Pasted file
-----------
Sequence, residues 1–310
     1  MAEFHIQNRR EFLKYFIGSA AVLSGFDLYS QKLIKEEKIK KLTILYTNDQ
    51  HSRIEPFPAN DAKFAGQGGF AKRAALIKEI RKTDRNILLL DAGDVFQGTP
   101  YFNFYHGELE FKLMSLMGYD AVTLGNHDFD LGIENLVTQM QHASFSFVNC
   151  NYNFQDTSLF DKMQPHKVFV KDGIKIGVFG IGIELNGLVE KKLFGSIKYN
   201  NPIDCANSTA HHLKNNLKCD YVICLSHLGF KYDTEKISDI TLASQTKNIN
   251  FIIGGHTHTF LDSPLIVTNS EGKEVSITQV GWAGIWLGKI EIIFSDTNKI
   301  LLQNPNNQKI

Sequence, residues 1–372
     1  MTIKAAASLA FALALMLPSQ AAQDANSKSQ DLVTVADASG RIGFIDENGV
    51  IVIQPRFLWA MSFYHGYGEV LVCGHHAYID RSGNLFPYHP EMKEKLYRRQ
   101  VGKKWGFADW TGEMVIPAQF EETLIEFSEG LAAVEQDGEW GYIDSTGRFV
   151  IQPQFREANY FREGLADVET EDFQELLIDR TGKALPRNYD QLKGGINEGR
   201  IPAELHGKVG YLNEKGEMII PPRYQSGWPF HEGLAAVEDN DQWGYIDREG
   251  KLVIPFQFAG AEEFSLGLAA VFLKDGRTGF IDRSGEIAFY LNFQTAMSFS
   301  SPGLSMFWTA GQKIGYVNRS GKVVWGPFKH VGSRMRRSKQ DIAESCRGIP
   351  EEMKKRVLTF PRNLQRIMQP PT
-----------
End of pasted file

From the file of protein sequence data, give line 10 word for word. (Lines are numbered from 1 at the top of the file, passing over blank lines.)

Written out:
     1  MTIKAAASLA FALALMLPSQ AAQDANSKSQ DLVTVADASG RIGFIDENGV